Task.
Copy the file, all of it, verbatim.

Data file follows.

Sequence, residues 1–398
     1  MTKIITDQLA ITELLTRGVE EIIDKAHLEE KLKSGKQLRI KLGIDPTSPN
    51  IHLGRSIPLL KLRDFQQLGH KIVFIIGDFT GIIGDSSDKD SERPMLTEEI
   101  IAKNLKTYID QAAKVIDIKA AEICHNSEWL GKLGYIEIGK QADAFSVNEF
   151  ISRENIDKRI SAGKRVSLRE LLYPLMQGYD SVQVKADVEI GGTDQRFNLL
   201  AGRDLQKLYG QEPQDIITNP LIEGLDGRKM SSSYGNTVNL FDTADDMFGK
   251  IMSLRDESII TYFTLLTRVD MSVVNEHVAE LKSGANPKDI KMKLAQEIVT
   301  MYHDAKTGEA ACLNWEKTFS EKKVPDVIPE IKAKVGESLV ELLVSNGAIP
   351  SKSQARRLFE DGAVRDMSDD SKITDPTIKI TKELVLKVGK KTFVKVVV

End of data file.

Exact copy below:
Sequence, residues 1–398
     1  MTKIITDQLA ITELLTRGVE EIIDKAHLEE KLKSGKQLRI KLGIDPTSPN
    51  IHLGRSIPLL KLRDFQQLGH KIVFIIGDFT GIIGDSSDKD SERPMLTEEI
   101  IAKNLKTYID QAAKVIDIKA AEICHNSEWL GKLGYIEIGK QADAFSVNEF
   151  ISRENIDKRI SAGKRVSLRE LLYPLMQGYD SVQVKADVEI GGTDQRFNLL
   201  AGRDLQKLYG QEPQDIITNP LIEGLDGRKM SSSYGNTVNL FDTADDMFGK
   251  IMSLRDESII TYFTLLTRVD MSVVNEHVAE LKSGANPKDI KMKLAQEIVT
   301  MYHDAKTGEA ACLNWEKTFS EKKVPDVIPE IKAKVGESLV ELLVSNGAIP
   351  SKSQARRLFE DGAVRDMSDD SKITDPTIKI TKELVLKVGK KTFVKVVV